A crisis for the homeless

A transition, by definition, involves not just moving away from something, but moving toward something else. When it comes to housing, city officials have mastered the art of moving people away from something, but haven’t quite gotten the part of moving them to an alternative.

The recently published data on the shelter system shows this very clearly. In 2021, an average of 30 people a day were turned away from shelters due to lack of space. In the first seven months of this year, the number more than doubled, to an average of 70 people per day.

And even that statistic doesn’t tell the whole story. In the first two months of this summer, a time when fewer people typically seek shelter indoors, an average of 107 people a day were turned away. In July, the average was 113, more than 11 times that of last July.

Although the city insists the shelter system is not in crisis, the numbers suggest the system is, well, in crisis. There are many reasons for this, some of which are beyond the control of local authorities, such as the strain placed on the system by the COVID-19 pandemic and the influx of refugees now seeking shelter.

But also, some factors were well within the city’s control. Notably, the clearing of encampments and the closure of two shelters earlier this year likely both contributed to the current crisis. Indeed, the average overnight occupancy of shelters increased dramatically after camps were cleared and shelters closed.

While January saw higher average occupancy than any month in 2021, the rate has steadily increased since: shelters now house more than 8,000 people per night, compared to an average of around 6,400 per night. months throughout last year.

Now, to be sure, neither encampments nor shelters are a solution to the lack of adequate housing, and homeless people and housing advocates have said so. City officials pointed out that we need to move people indoors, which is true, but you need to have a place indoors for people to go.

Writing in the Star, columnist Shawn Micallef noted that since the city has been unable to move homeless people from encampments to shelters, they have found their own place inside – in the cages of staircase and empty properties. And it’s probably even worse, for everyone, than the camps.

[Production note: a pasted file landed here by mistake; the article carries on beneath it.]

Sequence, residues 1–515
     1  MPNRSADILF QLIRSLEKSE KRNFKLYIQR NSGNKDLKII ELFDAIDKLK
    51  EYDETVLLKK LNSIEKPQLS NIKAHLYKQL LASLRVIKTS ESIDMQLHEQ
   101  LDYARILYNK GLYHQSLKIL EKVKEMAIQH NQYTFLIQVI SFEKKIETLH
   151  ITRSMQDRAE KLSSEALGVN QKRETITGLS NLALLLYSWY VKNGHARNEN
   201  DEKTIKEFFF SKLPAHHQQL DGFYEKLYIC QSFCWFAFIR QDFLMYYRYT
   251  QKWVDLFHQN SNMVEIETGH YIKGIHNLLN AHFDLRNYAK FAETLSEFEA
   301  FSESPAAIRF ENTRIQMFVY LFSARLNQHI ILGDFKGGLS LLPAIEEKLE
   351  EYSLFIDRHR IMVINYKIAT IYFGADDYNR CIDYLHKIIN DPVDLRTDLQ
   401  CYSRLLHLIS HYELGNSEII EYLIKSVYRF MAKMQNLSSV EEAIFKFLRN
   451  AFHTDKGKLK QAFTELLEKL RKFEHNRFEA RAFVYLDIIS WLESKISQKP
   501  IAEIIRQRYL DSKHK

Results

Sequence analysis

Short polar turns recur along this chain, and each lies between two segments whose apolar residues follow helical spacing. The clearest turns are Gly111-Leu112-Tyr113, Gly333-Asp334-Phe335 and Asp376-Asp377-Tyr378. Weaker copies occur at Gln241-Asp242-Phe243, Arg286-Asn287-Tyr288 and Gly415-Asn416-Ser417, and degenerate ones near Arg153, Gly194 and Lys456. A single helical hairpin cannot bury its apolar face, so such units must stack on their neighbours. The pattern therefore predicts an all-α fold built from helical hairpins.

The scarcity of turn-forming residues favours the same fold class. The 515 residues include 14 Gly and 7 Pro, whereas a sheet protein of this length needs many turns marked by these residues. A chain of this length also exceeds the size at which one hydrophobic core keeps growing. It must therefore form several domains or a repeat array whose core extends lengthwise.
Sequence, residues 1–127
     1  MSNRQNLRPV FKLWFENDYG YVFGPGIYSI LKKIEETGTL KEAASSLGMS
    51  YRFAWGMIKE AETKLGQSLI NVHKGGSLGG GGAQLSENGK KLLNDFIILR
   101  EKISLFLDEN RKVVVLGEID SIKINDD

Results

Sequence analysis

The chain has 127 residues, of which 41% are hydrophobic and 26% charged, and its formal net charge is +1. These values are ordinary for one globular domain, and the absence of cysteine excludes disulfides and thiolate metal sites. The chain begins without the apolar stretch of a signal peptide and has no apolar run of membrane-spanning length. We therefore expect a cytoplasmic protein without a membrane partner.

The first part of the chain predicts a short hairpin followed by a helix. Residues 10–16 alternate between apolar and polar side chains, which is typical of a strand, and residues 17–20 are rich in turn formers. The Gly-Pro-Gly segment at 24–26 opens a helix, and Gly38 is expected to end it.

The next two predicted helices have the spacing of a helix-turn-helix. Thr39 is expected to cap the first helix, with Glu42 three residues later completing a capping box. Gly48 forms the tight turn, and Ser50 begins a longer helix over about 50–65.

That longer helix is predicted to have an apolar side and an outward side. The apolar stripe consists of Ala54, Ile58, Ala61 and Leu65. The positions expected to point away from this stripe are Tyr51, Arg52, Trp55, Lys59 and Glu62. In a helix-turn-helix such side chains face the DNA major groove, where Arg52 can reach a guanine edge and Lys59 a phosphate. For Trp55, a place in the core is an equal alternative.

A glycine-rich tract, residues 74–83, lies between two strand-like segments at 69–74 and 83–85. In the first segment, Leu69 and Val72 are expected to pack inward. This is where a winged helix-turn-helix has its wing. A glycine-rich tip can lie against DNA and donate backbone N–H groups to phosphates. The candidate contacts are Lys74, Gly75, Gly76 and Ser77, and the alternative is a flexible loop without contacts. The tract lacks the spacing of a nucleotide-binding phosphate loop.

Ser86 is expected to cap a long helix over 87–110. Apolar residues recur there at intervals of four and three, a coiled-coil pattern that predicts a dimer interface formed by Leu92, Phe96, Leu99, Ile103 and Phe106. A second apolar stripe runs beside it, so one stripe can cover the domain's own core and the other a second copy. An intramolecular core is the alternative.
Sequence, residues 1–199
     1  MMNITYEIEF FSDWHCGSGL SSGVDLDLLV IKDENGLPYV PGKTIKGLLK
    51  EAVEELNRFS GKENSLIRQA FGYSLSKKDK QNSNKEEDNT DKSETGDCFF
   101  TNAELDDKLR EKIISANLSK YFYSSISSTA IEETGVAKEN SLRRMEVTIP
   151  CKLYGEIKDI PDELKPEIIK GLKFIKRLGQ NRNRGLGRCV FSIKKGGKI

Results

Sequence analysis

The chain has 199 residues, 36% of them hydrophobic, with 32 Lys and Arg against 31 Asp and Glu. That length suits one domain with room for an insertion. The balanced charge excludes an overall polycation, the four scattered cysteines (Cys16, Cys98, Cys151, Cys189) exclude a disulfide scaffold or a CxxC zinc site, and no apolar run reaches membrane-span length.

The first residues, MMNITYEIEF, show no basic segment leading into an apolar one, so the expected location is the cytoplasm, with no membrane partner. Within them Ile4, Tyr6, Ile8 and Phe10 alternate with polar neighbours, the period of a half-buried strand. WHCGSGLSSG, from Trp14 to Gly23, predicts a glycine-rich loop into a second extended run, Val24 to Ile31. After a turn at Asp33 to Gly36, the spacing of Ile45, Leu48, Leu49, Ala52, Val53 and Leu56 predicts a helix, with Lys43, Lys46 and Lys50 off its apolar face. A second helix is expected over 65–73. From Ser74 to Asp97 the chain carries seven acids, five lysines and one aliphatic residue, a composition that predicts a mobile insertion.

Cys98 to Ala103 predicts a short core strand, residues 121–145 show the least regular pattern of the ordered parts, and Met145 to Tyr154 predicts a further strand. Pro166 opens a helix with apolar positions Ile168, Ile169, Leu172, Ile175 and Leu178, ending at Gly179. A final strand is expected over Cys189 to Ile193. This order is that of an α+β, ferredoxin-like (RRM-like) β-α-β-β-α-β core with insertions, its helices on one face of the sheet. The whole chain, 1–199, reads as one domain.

Likewise, the city said the shelter closures were part of a transition away from the shelter sites the city had leased during the pandemic. But closing the shelters is like walking away from something. Ideally, people would be transferred to permanent supportive housing, but the stock of such housing remains largely insufficient.

Certainly, Toronto’s ambitious HousingTO 2020-2030 action plan has made progress toward increasing the supply of affordable and supportive housing. Yet, so far, this remains insufficient.

As the Star reports, a total of 1,827 people moved from shelters to permanent accommodation from January to June, compared to 1,783 people during the same period last year. This is a positive development, but it is clearly insufficient given that more people than last year do not have access to temporary shelter. As long as they remain insufficient, shelters are only the alternative to camps and stairwells.

And as we move into fall and winter, the need for adequate housing becomes even more urgent. Last year, 216 homeless people died on the streets, some of whom literally froze to death. Others had their fingers or toes amputated due to extreme frostbite.

Additionally, the cost of housing has now become a crisis in itself, and it’s not just about housing itself: according to a recent Food Banks Canada survey, 61% of respondents said the cost of housing was the most great obstacle to affording them food.

But paying the rent is also a major challenge, with many people now facing eviction. And we can’t afford to add more Torontonians to the list of those looking for a roof over their heads.

Certainly, this is not a problem that can be solved by the city alone. The provincial and federal governments must step in and work together. But it is also not a problem that can be solved without the city, and therefore the housing crisis must be at the heart of the municipal elections in October.

And on this point, we should consider another transition: we need to move away from advisers who plan to house someone else’s problem, and towards those who have shown, by word and deed, that they believe that every person deserves a place to call home. .

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